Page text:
• Josh Carmody

30 Extra Hours Each Week?


Happy New Year! You may or may not have noticed, but I took a little time off of blogging at the end of last year. I had my reasons, but I am back!


With the start of a new year, I thought it would be fun to do something that I haven't done in a few years and encourage you to join me! But first, read the following excerpt from "Simplify, Ten practices to unclutter your soul."


A few years ago, a staff writer for the Washington Post was asked to participate in a work-group tasked with studying the newspaper reading habits of the Post’s target demographic. Wanting to better understand how people use their minutes and hours each day, the writer placed a phone call to the University of Maryland sociologist John P. Robinson. Robinson is considered the father of time-use studies in the United States.


The reporter hoped to validate her work-groups assumption that the reason for the decline in newspaper sales and online viewership was that people didn’t have time to read the paper. People are too busy for that. But Professor Robinson didn’t validate that assumption. Instead, he told the writer that her team’s conclusion couldn’t be accurate. He claimed that people have upwards of thirty hours of leisure time each week.


Thirty hours of leisure time each week? What planet did Mr. Robinson reside on? Certainly not Earth. On this planet, we have deadlines. On this planet, we have to-do lists. On this planet, we have obligations, meetings, and projects to complete. We have laundry to fold. Lawns to mow. Dogs that need to be walked. We have places to be. People to meet. Things to do. Snapchat to check. Here on planet Earth, we are busy!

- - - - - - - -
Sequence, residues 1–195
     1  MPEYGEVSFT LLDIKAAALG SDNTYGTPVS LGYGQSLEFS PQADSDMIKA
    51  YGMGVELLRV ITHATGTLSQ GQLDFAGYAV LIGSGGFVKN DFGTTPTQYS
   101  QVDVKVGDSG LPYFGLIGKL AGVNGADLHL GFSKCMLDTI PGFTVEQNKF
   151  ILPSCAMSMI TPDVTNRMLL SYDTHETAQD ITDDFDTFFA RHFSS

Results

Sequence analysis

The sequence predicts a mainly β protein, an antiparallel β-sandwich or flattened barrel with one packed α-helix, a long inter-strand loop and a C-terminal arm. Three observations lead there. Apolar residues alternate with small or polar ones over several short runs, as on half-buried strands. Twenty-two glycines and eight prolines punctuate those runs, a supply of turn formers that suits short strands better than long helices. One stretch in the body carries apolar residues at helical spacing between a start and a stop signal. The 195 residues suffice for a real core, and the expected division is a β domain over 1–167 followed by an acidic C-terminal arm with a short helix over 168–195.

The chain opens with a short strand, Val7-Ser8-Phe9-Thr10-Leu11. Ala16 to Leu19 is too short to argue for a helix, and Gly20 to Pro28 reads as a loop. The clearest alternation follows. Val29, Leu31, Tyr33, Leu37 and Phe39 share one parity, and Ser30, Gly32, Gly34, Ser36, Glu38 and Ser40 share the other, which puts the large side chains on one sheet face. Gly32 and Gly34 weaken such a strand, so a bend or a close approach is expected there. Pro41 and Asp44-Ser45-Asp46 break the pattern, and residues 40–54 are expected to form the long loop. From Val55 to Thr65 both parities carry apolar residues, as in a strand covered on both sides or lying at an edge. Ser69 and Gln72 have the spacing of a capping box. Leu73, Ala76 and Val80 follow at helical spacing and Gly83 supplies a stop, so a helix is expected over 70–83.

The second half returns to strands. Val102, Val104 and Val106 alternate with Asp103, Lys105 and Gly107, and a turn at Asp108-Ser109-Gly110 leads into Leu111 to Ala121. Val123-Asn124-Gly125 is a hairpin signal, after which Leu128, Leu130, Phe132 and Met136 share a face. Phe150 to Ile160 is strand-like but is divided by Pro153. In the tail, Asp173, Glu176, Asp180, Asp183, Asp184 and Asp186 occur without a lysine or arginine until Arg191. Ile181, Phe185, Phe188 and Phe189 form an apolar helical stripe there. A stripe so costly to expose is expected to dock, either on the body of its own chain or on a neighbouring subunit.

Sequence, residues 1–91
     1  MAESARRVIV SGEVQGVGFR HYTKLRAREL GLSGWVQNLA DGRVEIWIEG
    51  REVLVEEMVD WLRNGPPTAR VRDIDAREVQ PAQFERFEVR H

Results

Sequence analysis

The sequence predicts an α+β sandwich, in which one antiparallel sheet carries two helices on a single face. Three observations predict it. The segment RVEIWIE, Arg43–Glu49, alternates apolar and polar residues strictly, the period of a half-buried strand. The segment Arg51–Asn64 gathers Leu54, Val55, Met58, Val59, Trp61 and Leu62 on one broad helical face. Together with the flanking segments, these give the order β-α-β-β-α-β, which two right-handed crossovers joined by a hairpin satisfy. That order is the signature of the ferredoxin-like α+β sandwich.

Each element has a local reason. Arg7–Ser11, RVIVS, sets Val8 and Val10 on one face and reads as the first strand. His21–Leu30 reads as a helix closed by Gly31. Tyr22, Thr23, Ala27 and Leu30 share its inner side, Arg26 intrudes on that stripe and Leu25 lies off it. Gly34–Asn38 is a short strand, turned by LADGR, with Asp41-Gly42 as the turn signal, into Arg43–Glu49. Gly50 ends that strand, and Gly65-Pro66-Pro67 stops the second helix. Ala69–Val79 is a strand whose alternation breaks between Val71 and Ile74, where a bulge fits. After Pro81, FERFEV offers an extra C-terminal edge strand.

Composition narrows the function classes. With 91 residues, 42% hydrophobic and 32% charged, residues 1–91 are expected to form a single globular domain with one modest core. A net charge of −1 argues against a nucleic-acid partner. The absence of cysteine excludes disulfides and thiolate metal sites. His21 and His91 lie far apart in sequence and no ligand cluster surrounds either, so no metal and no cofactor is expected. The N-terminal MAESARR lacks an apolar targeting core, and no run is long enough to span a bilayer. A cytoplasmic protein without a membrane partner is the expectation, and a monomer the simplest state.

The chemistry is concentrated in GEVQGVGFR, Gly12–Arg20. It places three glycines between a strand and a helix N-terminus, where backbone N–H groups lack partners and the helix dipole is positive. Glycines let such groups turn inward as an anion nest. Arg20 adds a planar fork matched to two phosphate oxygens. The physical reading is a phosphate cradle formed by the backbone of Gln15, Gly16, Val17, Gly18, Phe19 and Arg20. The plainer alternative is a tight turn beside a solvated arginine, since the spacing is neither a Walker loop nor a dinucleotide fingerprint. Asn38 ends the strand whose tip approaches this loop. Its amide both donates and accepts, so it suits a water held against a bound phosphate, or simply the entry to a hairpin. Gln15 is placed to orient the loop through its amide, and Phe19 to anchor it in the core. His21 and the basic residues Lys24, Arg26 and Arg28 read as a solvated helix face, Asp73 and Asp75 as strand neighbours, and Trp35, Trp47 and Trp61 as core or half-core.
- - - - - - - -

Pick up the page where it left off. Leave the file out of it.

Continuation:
If you are anything like me, you probably did not believe the doctor either. In this day and age, we are all busy! We can't squeeze a few minutes out of our day, let alone hours! It's not like we walk around telling ourselves, "Wow, I have nothing to do for the next five hours." And while that may be true, we have more time to do what we want than we realize. Check out the ending of this story between the journalist and Dr. Robinson.


Mr. Robinson asked the journalist to keep a log for an entire week, writing down everything she spent time doing. If she waited in line at the grocery store for ten minutes, she was told to write that down. If she spent time on social media or watching TV, she had to record the time. If she took a phone call and talked for twenty minutes, that time had to be logged. At the end of that week, the writer submitted her journal to Mr. Robinson. She had logged 27 hours of leisure time! The time had been there all along, but she never had eyes to see it.


I am going to keep a time-log of everything I do from noon today until noon next Friday to see how much free time I truly have. The results surprised me when I did this a few years ago. It will be interesting to see if I am surprised again. I don't know when you are reading this, but will you join me in keeping a time log? Maybe you have told yourself you are way too busy to go to church, hang out with friends, pray, read the Bible, or go out on a date. I want you to know that you have time to do all of those things.


Give it a shot and let me know how it goes for you or try it another time if you can't do it this week. You can email me at josh@clearlycarmody.com and let me know how it goes.


Next week we will talk about the results, and look at some scriptures that encourage us to use our many hours of free time wisely.


Until Friday,

Josh


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© 2020 Josh Carmody.                                                                   Contact: josh@clearlycarmody.com 

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I work at New Covenant Christian Church in Fort Dodge, IA. Everything here, however, is my personal opinion and is not read or approved before it is posted. Opinions, conclusions and other information expressed here do not necessarily reflect the views of New Covenant Christian Church.